7 April 2000



On March 20, 1996, health

secretary Stephen Dorrell

made a simple statement

that shook the world and

changed forever the way

farmers are viewed by the

public and the media.

He told the House of Commons

that the most likely

explanation for the 10 new

cases of Creutzfeldt-Jakob

disease (CJD) was exposure

to bovine spongiform

encephalopathy (BSE) before

the specified bovine offal ban

was introduced in 1989.

The subsequent cull of UK

cattle and introduction of new

rules designed to improve

meat safety are widely

accepted as the right course

of action, given the possible

risk to human life. Yet, four

years on, much remains

unresolved about the cause

of BSE and its link with what

is often termed "the human

form of mad cow disease".

SEAC, the governments

advisory body on BSE, says

evidence points to meat

and bonemeal in feed as

the most likely cause of

the disease and to a link

between the human

and cattle diseases.

But not everyone

agrees with this.

Alistair Driver reports

on two people who

want the government

and the scientific

community to listen

to their versions of

the BSE story –

both of which have

huge implications

for the safety

of British beef

EATING beef does not cause vCJD in humans, the cattle cull in the UK was unnecessary and there will be no vCJD epidemic in the human population.

If Professor Alan Ebringers radical theory that BSE and vCJD are both the result of an out-of-control immune reaction set off by bacteria that "mimic" the brain is correct, these are the dramatic implications. There is a lot at stake with much of the world still not eating British beef, an estimated £4.6 billion of UK taxpayers to be spent by 2001/2 in an effort to make British beef safer and over four million cattle already having been culled for the sake of BSE. Numerous farm businesses have been forced to close and farming suicides have been linked with these failures.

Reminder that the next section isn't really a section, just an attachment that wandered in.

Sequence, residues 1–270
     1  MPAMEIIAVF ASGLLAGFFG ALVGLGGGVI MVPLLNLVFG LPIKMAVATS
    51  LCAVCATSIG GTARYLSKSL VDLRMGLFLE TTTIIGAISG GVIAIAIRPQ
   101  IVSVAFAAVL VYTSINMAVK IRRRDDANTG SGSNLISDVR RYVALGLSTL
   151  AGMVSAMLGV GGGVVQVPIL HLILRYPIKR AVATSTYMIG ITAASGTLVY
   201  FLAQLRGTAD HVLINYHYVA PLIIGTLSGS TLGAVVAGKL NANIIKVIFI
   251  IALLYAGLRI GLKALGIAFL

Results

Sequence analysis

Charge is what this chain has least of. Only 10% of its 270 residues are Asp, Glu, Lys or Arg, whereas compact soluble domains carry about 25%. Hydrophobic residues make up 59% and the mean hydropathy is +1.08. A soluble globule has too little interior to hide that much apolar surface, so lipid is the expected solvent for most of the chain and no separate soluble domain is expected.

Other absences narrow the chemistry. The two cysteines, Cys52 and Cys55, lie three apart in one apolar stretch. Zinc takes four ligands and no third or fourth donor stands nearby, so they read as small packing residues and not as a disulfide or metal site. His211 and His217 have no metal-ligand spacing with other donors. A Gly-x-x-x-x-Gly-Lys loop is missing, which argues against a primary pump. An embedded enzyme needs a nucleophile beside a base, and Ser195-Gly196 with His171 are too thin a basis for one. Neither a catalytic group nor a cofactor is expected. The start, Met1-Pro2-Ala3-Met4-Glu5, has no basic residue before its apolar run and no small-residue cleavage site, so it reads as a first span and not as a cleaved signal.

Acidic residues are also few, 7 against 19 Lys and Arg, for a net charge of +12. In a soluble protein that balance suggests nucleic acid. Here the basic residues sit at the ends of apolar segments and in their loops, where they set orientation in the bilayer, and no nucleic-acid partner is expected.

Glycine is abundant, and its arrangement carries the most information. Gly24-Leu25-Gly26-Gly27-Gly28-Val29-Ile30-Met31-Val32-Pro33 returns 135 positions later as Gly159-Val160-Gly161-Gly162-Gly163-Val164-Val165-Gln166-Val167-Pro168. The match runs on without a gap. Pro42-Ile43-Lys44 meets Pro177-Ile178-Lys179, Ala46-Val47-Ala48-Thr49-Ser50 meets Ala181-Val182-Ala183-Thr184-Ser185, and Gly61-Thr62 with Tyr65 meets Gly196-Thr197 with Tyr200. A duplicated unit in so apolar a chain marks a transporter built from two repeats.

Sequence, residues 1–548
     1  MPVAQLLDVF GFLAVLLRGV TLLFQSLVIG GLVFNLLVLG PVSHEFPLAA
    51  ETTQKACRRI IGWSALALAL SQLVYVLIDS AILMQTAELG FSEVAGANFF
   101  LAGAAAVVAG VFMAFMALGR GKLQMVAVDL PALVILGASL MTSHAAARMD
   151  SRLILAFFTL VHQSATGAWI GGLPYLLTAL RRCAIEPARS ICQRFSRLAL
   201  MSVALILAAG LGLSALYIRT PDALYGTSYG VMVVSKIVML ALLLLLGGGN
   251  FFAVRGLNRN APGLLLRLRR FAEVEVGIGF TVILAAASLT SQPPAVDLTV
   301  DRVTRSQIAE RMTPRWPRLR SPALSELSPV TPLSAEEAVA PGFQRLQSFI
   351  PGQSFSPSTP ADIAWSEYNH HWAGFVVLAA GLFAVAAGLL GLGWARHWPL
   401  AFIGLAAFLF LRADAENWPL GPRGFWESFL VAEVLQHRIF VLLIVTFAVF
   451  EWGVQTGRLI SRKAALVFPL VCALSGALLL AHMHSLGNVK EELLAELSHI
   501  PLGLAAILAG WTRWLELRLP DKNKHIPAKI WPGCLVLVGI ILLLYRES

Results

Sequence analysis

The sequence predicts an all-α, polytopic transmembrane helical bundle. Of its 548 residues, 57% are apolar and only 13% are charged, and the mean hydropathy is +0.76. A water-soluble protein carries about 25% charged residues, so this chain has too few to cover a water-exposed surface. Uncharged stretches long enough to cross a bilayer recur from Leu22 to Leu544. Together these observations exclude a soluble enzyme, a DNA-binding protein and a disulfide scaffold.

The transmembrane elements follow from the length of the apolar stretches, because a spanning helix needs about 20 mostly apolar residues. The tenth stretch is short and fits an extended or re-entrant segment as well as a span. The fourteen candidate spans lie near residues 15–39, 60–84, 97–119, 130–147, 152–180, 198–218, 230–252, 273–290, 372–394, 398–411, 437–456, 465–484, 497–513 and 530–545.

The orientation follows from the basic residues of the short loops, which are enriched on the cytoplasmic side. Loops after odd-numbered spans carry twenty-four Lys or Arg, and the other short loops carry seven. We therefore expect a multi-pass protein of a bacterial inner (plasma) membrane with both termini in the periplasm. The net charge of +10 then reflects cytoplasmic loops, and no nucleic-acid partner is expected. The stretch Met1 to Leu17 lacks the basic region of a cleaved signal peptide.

But, as with any revolutionary new scientific theory, it will take a lot of time, money and intense debate before the prevailing hypothesis is displaced. Most scientists believe the mysterious rogue prion causes BSE.

"There is very little support within the scientific community for my work," said Prof Ebringer, who is an immunologist at Kings College, London.

He believes he has identified acinetobacter – a common microbe found in large quantities in the soil, sewage and water supplies – as the culprit in BSE, vCJD and multiple sclerosis. In fact, he believes vCJD is an extreme manifestation of MS, while BSE is the bovine manifestation of the disease.

"When I first saw a cow suffering from BSE on television I recognised the symptoms of MS," he said.

He suspects transmission to cattle occurred primarily through "winter feed" as a result of changes in the way it was rendered in 1982, although he has no evidence to back this up. Subsequent tightening of the rules governing the rendering process would explain the gradual decline in BSE cases in the 1990s.

Connected to sinusitis

He believes, in humans, vCJD and MS are connected to sinusitis. "The bacteria can get under fingernails and infect people when they put their finger up their nose," he said.

"When cattle or humans are infected with acinetobacter, antibodies are stimulated into attacking it. But because of its similarity with brain cells, the antibodies also attack healthy brain tissue and keep on doing so once the bacteria is defeated," he explained.